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Hospital Access Management – December 1, 2008

December 1, 2008

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  • Increase upfront collections: It's more important now than ever

    In today's down economy, increasing upfront collections is even more important for patient access departments, but it's getting harder as many patients are struggling to make ends meet, at the same time that their copays, deductibles, and co-insurances are becoming more expensive.
  • Should you decentralize to increase collections?

    When administrators at Shands at the University of Florida in Gainesville asked his opinion about how they could increase point-of-service (POS) collections, Tim Carney, manager of outpatient financial arrangements, told them in no uncertain terms that decentralization was the key.
  • Patient access using new Medicare noncoverage form

    Patient access staff will have to get used to a change for Medicare patients, with the new Advance Beneficiary Notice of Noncoverage (ABN) form now used for all situations where Medicare payment is expected to be denied. The form, implemented by the Centers for Medicaid & Medicare Services (CMS), becomes mandatory March 1, 2009.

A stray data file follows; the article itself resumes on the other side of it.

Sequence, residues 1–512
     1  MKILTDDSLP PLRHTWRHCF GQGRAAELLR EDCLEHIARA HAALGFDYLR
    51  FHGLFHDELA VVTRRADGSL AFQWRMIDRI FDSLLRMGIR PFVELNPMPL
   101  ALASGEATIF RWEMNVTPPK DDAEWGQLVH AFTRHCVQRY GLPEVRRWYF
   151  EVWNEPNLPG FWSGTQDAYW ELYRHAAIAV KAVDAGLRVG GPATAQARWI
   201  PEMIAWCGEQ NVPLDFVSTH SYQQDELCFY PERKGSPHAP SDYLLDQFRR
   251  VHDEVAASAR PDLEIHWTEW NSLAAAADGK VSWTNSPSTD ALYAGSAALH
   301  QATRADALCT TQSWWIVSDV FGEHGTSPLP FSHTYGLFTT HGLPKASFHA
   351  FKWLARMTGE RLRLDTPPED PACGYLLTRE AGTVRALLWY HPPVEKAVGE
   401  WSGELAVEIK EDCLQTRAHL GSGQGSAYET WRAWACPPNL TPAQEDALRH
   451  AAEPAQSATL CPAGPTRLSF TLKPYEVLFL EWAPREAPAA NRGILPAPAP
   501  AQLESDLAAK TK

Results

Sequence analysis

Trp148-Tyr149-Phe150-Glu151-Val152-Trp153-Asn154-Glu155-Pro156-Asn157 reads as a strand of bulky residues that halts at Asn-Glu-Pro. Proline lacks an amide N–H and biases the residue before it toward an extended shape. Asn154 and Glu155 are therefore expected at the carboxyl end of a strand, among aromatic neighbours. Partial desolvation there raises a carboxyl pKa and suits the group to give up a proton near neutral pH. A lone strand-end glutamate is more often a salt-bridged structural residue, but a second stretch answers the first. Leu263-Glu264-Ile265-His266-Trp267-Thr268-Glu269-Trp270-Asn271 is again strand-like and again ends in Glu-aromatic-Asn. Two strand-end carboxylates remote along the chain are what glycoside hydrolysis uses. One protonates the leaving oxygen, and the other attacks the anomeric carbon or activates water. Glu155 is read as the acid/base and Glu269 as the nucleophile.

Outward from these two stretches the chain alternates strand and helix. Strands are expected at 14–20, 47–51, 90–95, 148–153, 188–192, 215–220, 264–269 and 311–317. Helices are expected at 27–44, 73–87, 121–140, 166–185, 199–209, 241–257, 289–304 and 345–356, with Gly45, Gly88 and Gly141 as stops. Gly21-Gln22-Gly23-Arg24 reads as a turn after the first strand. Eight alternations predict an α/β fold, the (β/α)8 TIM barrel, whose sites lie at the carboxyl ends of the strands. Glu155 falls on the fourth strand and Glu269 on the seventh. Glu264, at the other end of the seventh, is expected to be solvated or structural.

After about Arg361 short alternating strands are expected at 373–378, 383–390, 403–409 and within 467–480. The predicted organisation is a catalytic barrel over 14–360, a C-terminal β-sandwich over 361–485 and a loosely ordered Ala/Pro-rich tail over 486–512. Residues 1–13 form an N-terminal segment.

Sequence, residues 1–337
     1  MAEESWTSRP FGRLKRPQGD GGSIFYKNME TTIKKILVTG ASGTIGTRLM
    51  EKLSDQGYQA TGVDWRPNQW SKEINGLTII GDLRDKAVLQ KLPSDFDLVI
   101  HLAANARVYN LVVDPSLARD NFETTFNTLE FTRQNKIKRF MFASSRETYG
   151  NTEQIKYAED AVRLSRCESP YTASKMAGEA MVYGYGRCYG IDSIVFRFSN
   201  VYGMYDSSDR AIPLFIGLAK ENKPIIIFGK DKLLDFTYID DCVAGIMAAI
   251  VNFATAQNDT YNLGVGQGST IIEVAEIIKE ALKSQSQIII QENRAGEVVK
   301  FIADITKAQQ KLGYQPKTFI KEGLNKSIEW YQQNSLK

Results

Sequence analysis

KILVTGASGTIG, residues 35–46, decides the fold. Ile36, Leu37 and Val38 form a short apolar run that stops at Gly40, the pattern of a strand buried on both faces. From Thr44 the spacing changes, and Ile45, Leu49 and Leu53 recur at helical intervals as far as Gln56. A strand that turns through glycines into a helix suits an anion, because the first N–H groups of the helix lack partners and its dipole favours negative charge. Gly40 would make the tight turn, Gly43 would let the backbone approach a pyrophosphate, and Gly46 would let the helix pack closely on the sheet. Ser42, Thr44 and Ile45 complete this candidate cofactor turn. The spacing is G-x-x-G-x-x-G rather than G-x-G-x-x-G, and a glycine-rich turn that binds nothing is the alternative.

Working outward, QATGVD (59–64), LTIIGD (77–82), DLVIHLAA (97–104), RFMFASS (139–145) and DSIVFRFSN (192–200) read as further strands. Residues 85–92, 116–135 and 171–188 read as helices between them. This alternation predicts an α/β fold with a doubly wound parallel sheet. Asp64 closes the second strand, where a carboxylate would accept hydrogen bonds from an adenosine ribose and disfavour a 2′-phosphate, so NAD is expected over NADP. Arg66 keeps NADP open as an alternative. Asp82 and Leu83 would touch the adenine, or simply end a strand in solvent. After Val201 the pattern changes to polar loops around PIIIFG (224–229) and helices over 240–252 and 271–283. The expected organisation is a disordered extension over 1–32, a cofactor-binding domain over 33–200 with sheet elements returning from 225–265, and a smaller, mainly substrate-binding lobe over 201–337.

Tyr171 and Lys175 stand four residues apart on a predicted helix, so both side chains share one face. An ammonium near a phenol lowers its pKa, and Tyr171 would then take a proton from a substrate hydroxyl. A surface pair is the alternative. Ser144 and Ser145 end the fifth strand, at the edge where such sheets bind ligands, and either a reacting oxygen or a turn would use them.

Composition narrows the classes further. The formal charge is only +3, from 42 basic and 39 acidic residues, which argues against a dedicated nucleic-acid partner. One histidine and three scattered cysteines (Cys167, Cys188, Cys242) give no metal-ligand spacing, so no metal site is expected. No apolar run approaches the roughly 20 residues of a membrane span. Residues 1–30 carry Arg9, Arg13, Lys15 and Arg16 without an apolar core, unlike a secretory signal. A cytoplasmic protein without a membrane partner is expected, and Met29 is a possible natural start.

• Invest in patient access team with career ladders

    A career ladder has helped the patient access department at Palmetto Health Richland in Columbia, SC, to "build our own leaders," says Charlene B. Cathcart, CHAM, director of admissions and registration.
  • Online pre-registration frees up phone registrars

    Allowing patients the option of pre-registering online is good for patient satisfaction and also frees up patient access staff for those who prefer to speak with a representative.
  • Electronic ordering halts misplaced, missing orders

    After an electronic ordering process was implemented at Bon Secours Hampton Roads Health System in Marriottsville, MD, the central scheduling department stopped "pulling their hair out" looking for misplaced or inaccurate orders.
  • Patient access attacks ED problem 'on many fronts'

    If your hospital is like most, patients admitted through the emergency department are being held, possibly in hallways, for hours and even days. It's a complicated problem that the patient access department isn't responsible for and can't control. Still, you bear the brunt of the poor customer service scores that result from this situation.